Fillet of a fenny snake
In the cauldron boil and bake;
Eye of neut, and toe of frog ;-

For a charm, fc. The propriety of these ingredients may be known by consulting the books de Viribus Animalium and de Mirabilibus Mundi, ascribed to Albertus Magnus, in which the reader, who has time and credulity, may discover very wonderful secrets.

Finger of birth-strangled babe,

Ditch-deliver'd by a drab;It has been already mentioned in the law against witches, that they are supposed to take up dead bodies to use in enchantments, which was confessed by the woman whom King James examined, and who had of a dead body, that was divided in one of their assemblies, two fingers for her share. It is observable, that Shakespeare, on this great occasion which involves the fate of a king, multiplies all the circumstances of horrour. The babe whose finger is used, must be strangled in its birth; the grease must not only be human, but must have dropped from a gibbet, the gibbet of a murderer: and even the sow whose blood is used, must have offended nature by devouring her own farrow. These are touches of judgment and genius.

And now about the cauldron sing

Blue spirits and white,
Black spirits and grey,
Mingle, mingle, mingle,

You that mingle may.
And in a former part,

Weird sisters hand in hand
Thus do go about, about,
Thrice to mine, and thrice to thine,

And thrice again to make up nine. These two passages I have brought together, be cause they both seem subject to the objection of too much levity for the solemnity of enchantment, and may both be shown, by one quotation from Camden's account of Ireland, to be founded upon a practice really observed by the uncivilized natives of that country. “ When any one gets a fall, says the informer of Camden, he starts up, and turning three times to the right, digs a hole in the earth; for they imagine that there is a spirit in the ground; and if he falls sick in two or three days, they send one of their women that is skilled in that way to the place, where she says, I call thee from the east, west, north, and south, from the groves, the woods, the rivers, and the fens, from the fairies, red, black, white.There was likewise a book written before the time of Shakespeare, describing amongst other properties, the colours of spirits.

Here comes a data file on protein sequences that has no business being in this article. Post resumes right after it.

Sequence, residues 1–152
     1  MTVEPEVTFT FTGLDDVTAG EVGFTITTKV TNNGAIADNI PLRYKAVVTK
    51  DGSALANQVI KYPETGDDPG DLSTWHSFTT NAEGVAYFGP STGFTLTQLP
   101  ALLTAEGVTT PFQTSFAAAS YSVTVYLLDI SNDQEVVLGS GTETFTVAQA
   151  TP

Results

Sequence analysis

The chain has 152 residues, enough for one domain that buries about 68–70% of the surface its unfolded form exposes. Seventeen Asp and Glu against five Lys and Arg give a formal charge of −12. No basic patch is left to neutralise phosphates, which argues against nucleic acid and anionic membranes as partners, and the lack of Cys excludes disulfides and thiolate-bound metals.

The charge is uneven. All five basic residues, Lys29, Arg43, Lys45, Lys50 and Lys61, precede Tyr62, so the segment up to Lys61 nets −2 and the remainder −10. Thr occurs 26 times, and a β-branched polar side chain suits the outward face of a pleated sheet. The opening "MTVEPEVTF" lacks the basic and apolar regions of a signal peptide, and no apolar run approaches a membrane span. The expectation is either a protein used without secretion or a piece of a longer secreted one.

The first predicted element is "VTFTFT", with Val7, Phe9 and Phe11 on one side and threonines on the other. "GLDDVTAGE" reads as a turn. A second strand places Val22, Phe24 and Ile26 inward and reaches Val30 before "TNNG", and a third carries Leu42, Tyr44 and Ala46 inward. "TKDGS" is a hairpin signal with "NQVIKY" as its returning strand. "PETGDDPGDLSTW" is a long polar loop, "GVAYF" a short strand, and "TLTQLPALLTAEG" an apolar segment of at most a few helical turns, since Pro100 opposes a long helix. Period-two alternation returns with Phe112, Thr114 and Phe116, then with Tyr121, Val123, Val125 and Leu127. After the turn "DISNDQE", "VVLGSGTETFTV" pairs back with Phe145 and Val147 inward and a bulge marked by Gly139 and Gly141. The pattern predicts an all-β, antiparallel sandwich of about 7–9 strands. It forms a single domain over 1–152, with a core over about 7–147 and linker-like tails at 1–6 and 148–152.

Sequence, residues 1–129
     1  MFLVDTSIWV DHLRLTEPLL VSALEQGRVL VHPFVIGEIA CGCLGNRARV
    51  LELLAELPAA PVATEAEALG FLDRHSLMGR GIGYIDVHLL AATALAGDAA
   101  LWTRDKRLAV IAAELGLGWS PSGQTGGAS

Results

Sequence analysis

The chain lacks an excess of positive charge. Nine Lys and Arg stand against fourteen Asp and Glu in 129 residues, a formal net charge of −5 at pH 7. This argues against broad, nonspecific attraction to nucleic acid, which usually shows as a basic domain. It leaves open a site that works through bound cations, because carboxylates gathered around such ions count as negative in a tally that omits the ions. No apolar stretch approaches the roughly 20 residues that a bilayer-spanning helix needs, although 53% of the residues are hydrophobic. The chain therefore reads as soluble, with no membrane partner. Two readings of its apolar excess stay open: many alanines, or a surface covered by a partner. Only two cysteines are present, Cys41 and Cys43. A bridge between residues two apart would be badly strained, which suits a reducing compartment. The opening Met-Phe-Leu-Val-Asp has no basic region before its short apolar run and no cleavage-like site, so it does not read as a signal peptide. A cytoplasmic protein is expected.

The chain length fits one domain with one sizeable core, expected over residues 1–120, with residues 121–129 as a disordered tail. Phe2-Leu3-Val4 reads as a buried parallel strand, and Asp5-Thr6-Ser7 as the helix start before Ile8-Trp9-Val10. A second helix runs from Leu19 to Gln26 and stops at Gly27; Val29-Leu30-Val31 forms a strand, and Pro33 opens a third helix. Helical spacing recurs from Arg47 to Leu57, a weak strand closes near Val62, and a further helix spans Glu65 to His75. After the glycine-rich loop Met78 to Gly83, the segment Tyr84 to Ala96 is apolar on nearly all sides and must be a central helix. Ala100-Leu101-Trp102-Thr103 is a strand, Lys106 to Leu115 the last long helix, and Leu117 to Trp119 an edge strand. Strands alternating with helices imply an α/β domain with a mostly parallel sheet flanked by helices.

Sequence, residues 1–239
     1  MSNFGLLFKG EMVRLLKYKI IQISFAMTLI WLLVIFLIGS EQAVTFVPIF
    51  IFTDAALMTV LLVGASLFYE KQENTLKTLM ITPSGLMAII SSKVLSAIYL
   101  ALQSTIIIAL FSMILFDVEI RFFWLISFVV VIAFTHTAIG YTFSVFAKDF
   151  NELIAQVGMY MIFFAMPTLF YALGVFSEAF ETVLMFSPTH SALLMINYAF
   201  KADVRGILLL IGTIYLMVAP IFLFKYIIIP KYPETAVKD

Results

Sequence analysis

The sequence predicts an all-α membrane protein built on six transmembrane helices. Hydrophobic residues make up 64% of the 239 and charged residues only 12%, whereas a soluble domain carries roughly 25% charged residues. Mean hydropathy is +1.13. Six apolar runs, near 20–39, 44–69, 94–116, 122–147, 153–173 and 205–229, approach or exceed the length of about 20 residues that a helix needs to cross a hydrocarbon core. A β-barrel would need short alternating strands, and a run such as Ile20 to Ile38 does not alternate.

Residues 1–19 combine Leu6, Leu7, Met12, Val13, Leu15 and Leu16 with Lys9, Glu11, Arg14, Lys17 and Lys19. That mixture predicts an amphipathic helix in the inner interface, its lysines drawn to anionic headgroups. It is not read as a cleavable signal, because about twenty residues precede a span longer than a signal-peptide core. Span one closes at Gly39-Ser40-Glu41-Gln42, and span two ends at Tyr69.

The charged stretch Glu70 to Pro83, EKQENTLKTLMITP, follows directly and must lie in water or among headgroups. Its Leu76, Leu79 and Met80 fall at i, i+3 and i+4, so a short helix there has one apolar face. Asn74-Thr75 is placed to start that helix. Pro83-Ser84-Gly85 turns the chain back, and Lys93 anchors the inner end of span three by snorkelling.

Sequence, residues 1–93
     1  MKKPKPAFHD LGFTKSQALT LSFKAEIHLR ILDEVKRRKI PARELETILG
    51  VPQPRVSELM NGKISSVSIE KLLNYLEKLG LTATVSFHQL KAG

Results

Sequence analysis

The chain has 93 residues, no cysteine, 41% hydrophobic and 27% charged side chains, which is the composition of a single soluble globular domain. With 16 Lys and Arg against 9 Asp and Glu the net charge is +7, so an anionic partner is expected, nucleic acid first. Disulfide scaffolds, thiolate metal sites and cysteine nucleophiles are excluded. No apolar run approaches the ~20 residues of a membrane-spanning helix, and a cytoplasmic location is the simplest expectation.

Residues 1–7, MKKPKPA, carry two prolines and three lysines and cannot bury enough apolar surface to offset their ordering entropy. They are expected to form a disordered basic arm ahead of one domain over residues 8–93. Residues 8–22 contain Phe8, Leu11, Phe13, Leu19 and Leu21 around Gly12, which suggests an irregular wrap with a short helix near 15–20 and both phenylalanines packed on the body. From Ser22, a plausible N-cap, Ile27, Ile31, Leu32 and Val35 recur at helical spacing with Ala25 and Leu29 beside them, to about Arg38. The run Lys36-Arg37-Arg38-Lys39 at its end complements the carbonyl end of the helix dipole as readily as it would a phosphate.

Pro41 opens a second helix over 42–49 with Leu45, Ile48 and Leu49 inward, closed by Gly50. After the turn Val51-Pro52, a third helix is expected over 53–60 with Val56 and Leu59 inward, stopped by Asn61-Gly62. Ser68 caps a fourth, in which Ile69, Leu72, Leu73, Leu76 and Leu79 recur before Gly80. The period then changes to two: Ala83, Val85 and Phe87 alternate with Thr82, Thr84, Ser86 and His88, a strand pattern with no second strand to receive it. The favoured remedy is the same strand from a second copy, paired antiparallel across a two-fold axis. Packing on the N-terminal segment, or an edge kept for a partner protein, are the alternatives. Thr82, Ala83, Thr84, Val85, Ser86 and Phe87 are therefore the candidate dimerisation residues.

Many other circumstances might be particularized, in which Shakespeare has shown his judgment and his knowledge.



Macbeth. Thou art too like the spirit of Banquo, down, Thy crown does (1) sear my eye-balls, and thy (2) hair, Thou other gold-bound brow, is like the first, A third is like the former.

(1) The expression of Macbeth, that the crown sears his eye-balls, is taken from the method formerly practised of destroying the sight of captives or competitors, by holding a burning bason before the eye, which dried up its humidity.

(2) As Macbeth expected to see a train of kings, and was only enquiring from what race they would proceed, he could not be surprised that the hair of the second was bound with gold like that of the first; he was offended only that the second resembled the first, as ihe first resembled Banquo, and therefore said

And thy air Thou other gold-bound brow, is like the first.